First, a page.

As far as healing was concerned, expectations quickly died out there, too, when the Spirit was quenched. Occasionally and rarely (by the fifth century), it was expected that healing might take place. But Christians no longer learned to pray for healing. Instead, the sick were encouraged to visit shrines and there pray for the intercession of the saints, especially Mary, the Mother of Jesus.

Then the sacrament of healing, which originally included physical, bodily healing, became a sacrament to prepare for a happy death (Extreme Unction, which translates as "the Last Anointing"). Not that preparation for death is not important, but praying for physical life was turned on its head ,and we ended up preparing for death. You couldn't even receive the anointing of the sick unless you were sick enough to be in danger of death. Again, this was a change that took several hundred years (A.D. 1200).

And then, surprisingly, the Protestant reformers who look to the Bible for authority took healing prayer one step further on its way to death when the great reformer John Calvin claimed that supernatural healing ceased with the death of the last apostle ("Cessationism") and that Catholics making pilgrimages to healing shrines was vile "papist superstition" and should be abolished. So much for the Bible, which says that these signs shall follow those who believe — and among the signs are that "they will lay hands on the sick who will recover" (Mark 16: 18). So even that was taken away. Most Baptists today, who believe so strongly in Scripture, do not have a faith in healing prayer because they are the spiritual heirs of Calvin.

But at least Calvin believed in the reality of the New Testament miracles. Another 300 years after Calvin, Rudolph Bultmann said that even the New Testament healings and deliverances did not really happen. They were merely stories made up to illustrate a spiritual point ("demythologizing").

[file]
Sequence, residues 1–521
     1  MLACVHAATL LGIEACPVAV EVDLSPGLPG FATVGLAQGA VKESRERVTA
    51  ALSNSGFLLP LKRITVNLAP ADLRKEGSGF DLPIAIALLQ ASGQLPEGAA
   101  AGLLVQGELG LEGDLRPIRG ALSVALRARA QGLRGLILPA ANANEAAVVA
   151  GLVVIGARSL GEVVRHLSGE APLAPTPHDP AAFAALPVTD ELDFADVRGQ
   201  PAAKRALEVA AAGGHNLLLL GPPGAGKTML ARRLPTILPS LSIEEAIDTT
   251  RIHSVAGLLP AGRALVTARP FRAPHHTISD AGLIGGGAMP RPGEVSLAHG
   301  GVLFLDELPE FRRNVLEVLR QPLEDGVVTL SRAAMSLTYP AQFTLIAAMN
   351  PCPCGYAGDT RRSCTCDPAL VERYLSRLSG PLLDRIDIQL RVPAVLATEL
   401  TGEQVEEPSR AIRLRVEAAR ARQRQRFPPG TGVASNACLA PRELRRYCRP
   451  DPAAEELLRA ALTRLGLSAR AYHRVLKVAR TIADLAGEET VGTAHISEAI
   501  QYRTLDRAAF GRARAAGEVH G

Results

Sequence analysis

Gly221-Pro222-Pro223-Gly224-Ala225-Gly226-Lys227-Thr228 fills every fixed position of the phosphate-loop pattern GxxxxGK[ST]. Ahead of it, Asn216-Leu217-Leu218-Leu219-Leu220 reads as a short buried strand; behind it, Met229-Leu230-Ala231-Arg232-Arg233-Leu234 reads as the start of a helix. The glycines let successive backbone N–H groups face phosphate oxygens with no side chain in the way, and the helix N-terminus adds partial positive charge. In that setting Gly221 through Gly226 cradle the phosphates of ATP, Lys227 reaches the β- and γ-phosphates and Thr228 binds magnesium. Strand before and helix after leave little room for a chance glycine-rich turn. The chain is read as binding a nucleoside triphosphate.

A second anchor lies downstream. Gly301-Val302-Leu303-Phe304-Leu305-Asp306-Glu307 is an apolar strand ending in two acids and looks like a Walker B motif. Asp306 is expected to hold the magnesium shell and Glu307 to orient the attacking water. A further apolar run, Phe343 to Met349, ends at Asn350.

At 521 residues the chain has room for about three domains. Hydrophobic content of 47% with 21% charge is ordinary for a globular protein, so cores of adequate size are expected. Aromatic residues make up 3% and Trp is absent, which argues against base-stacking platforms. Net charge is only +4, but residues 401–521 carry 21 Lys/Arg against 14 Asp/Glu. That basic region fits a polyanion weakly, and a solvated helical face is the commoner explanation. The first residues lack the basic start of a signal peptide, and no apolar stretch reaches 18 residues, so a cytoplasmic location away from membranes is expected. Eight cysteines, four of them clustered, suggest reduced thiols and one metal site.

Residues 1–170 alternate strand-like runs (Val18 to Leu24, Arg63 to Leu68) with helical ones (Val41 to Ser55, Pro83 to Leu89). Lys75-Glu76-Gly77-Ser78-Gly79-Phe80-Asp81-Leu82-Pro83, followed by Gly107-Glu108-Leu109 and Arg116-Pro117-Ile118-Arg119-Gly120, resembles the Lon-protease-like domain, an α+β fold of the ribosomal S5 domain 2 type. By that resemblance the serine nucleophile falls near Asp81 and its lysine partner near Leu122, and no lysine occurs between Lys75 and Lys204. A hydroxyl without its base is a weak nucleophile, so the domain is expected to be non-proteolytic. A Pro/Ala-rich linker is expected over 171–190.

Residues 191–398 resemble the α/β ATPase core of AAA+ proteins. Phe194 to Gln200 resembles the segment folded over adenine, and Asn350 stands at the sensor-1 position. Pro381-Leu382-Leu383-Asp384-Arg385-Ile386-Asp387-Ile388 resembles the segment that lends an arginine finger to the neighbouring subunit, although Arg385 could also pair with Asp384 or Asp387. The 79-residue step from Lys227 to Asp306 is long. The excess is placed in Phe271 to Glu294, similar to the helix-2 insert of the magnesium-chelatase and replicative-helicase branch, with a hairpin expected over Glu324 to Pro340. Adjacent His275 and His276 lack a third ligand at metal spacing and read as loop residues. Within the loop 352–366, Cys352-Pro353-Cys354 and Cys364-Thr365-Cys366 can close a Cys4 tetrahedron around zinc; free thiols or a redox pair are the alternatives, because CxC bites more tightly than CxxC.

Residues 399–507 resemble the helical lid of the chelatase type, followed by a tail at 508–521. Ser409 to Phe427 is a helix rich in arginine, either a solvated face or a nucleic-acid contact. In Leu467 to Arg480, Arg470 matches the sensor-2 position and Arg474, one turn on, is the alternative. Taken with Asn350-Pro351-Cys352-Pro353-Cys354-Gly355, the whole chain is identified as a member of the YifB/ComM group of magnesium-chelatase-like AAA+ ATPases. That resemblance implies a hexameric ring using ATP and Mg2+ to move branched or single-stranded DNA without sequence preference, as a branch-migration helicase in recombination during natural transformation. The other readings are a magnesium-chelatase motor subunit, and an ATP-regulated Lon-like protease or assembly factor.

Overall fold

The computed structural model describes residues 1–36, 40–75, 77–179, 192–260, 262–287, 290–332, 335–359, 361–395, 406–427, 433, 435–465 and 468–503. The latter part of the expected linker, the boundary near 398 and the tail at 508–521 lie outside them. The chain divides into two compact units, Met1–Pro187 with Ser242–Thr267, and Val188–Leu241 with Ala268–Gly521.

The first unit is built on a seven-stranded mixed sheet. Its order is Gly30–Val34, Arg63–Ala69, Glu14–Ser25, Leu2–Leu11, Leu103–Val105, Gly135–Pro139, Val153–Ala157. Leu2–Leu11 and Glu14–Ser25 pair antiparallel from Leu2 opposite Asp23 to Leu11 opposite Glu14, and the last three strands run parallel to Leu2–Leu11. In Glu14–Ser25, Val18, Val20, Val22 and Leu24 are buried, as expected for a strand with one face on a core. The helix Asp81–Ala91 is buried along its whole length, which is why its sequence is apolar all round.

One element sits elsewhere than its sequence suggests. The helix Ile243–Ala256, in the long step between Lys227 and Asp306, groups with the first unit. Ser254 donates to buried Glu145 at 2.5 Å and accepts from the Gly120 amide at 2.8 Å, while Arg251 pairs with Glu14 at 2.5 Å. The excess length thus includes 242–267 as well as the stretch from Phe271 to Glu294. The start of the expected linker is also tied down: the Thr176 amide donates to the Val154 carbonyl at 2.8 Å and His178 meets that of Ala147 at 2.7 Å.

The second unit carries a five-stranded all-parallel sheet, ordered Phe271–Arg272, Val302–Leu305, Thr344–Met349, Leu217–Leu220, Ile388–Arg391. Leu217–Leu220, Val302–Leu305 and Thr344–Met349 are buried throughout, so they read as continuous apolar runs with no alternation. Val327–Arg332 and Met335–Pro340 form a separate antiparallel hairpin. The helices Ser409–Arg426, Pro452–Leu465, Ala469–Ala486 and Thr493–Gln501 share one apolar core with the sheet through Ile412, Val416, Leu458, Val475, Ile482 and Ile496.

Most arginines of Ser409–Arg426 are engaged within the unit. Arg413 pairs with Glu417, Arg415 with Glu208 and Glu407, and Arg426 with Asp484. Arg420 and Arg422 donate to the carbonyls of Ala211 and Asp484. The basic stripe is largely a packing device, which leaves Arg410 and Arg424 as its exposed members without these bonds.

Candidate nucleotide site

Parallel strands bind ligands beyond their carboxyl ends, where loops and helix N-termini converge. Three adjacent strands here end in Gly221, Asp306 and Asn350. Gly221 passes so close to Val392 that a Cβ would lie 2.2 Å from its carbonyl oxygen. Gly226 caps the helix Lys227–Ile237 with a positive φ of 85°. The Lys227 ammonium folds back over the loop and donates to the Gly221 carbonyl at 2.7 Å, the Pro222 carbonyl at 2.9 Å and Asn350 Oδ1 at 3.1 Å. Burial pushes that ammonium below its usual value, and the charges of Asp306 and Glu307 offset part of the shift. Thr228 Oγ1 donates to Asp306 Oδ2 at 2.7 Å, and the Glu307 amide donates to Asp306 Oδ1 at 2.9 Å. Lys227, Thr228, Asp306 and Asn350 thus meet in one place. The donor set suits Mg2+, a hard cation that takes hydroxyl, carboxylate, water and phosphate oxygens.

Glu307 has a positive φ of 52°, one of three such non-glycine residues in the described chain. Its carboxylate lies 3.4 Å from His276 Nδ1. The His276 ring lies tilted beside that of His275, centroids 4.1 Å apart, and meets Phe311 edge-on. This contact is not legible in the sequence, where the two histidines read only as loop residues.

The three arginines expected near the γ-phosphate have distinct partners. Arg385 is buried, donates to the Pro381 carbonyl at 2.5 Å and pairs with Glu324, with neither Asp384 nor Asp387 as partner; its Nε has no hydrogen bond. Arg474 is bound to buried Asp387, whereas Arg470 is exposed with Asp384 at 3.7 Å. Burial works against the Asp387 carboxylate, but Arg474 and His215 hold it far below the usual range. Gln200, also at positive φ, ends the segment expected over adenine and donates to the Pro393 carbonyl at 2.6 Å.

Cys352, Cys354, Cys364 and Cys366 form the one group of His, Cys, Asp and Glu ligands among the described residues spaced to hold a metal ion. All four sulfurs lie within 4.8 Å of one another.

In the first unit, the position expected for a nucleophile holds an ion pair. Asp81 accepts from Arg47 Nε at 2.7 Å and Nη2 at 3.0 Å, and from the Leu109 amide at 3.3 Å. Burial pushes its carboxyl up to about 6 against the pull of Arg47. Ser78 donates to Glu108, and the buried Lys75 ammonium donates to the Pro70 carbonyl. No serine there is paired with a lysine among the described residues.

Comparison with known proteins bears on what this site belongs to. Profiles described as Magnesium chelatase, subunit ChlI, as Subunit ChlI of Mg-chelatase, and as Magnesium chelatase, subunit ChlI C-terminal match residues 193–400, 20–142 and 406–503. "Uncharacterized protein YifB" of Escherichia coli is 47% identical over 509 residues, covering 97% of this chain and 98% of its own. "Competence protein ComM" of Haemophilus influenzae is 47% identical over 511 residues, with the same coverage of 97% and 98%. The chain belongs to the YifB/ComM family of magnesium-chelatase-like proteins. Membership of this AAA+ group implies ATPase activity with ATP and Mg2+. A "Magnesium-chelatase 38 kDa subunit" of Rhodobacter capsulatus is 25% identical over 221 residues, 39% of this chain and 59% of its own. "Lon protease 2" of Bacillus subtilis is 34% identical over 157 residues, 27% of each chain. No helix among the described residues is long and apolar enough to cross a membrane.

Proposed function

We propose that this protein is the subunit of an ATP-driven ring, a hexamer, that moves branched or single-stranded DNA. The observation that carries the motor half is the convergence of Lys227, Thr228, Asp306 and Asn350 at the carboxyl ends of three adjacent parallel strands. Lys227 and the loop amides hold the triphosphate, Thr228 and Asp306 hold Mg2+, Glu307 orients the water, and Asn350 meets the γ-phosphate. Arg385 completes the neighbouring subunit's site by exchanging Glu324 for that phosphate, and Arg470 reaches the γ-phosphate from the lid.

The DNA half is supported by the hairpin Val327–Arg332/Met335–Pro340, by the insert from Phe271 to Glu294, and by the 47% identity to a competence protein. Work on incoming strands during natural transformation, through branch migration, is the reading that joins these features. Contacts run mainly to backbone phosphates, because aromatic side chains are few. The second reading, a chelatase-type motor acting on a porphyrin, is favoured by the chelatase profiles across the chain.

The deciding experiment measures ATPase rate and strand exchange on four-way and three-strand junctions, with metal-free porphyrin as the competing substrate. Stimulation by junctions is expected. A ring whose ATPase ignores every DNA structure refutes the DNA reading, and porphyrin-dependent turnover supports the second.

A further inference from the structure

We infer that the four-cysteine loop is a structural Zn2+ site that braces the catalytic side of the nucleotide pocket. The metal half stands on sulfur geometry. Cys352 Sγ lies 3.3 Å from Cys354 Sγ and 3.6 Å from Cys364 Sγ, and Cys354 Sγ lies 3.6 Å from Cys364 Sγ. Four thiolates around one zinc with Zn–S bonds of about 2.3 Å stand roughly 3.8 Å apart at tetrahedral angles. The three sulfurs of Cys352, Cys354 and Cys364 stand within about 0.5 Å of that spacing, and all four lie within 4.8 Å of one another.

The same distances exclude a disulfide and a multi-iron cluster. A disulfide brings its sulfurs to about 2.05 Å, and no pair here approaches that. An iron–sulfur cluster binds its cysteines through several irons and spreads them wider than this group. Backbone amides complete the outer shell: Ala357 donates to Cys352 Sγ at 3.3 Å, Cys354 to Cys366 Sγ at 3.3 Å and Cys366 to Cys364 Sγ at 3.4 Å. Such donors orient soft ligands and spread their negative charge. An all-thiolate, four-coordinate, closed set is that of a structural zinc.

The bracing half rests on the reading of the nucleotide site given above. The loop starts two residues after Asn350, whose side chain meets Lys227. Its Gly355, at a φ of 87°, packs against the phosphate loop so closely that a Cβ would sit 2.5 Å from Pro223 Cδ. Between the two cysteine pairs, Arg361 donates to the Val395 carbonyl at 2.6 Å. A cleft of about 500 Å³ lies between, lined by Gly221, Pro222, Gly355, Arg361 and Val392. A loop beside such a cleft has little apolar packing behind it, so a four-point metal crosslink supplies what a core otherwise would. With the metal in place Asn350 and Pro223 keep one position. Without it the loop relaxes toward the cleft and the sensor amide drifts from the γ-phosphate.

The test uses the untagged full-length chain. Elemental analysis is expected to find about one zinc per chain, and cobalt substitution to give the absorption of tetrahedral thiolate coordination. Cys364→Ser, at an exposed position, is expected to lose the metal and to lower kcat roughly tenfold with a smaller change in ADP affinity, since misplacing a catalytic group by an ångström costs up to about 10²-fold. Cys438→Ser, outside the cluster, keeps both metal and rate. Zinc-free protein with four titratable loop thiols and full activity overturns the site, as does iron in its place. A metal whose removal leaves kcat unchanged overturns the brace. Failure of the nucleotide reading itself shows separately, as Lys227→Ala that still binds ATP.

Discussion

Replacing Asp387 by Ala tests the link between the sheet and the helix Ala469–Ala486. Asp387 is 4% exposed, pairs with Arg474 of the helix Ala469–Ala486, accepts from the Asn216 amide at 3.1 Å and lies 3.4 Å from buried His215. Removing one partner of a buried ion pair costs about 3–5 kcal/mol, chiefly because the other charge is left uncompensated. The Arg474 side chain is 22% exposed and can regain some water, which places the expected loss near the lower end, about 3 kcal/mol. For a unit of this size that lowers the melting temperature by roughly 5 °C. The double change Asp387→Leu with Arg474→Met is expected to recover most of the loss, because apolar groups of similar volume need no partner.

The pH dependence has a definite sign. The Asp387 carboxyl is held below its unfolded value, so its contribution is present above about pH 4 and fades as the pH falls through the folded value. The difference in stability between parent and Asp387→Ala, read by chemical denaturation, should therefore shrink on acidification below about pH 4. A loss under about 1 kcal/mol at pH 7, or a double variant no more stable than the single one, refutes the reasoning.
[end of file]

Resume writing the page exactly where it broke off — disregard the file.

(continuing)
And so healing prayer — Jesus' main activity upon this earth, so much his passion that he risked death to heal on the Sabbath — almost disappeared from the Christian world. So much so that when I ask people in any mainline church whether they can remember their parents ever praying for them when they were sick as children, only two percent can remember their fathers praying, and only about fifteen percent can remember their mothers praying for them to get better when they were sick.

Truly, we have been robbed of our inheritance.

And these are not minor elements in the Christian message. Giving us the baptism in the Spirit is the main reason Jesus came to live among us, according to the great prophet, John the Baptist, who we all believe was sent to prepare the way of the Lord. The Church was not born until Pentecost!

And healing and freeing us from evil were the early church's main ministries (along with preaching that the Kingdom of God was at hand).

This brief synopsis of this tragic loss is why I had to write the book I am working on now. Perhaps we are living out Paul's prophecy: "They will keep up the outward appearance of religion, but will have rejected the inner power of it" (2 Timothy 3:5).

1Ramsey MacMullen, Christianizing the Roman Empire: A.D. 100–400 (New Haven, University of Yale Pres, 1984).

Francis MacNutt Francis MacNutt is a Founding Director and Executive Committee member of CHM. Jul/Aug 2004 Issue